Themes, Symbols and Motifs in Kite Runner

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Themes
The Search For Redemption
Amir’s quest to redeem himself makes up the heart of the novel. Early on, Amir strives to redeem himself in Baba’s eyes, primarily because his mother died giving birth to him, and he feels responsible. To redeem himself to Baba, Amir thinks he must win the kite-tournament and bring Baba the losing kite, both of which are inciting incidents that set the rest of the novel in motion. The more substantial part of Amir’s search for redemption, however, stems from his guilt regarding Hassan. That guilt drives the climactic events of the story, including Amir’s journey to Kabul to find Sohrab and his confrontation with Assef. The moral standard Amir must meet to earn his redemption is set early in the book, when Baba says that a boy who doesn’t stand up for himself becomes a man who can’t stand up to anything. As a boy, Amir fails to stand up for himself. As an adult, he can only redeem himself by proving he has the courage to stand up for what is right.
The Love and Tension Between Fathers and Sons
Amir has a very complex relationship with Baba, and as much as Amir loves Baba, he rarely feels Baba fully loves him back. Amir’s desire to win Baba’s love consequently motivates him not to stop Hassan’s rape. Baba has his own difficulty connecting with Amir. He feels guilty treating Amir well when he can’t acknowledge Hassan as his son. As a result, he is hard on Amir, and he can only show his love for Hassan indirectly, by bringing Hassan along when he takes Amir out, for instance, or paying for Hassan’s lip surgery. In contrast with this, the most loving relationship between father and son we see is that of Hassan and Sohrab. Hassan, however, is killed, and toward the end of the novel we watch Amir trying to become a substitute father to Sohrab. Their relationship experiences its own strains as Sohrab, who is recovering from the loss of his parents and the abuse he suffered, has trouble opening up to Amir.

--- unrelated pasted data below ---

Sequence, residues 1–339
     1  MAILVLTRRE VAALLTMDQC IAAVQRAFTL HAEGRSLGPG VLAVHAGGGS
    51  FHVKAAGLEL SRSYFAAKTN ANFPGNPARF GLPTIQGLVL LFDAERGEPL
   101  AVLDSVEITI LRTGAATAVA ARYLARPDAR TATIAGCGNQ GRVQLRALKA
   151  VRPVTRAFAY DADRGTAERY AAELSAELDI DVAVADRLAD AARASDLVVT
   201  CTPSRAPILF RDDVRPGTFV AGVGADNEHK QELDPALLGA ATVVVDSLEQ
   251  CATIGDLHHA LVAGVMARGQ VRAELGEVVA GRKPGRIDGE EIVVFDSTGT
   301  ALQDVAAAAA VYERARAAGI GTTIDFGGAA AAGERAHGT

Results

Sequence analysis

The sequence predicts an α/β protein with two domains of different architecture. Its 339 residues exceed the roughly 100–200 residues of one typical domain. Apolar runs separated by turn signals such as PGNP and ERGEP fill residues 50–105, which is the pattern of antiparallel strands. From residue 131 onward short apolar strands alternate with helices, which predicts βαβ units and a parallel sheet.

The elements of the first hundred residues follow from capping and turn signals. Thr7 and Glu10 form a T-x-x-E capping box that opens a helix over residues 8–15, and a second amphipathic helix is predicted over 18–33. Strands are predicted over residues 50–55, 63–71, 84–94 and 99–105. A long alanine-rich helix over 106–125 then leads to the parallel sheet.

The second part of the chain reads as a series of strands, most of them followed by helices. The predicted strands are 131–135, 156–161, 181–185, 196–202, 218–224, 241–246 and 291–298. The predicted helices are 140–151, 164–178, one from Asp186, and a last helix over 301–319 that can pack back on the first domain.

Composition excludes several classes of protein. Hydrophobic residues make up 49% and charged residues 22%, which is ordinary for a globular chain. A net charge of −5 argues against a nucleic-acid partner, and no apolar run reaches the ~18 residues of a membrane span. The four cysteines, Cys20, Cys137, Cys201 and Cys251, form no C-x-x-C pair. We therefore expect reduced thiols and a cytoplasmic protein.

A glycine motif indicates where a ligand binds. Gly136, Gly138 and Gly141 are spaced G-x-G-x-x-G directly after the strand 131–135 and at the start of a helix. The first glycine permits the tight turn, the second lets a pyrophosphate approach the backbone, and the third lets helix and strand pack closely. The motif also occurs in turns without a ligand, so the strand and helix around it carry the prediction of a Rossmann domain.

The Intersection of Political

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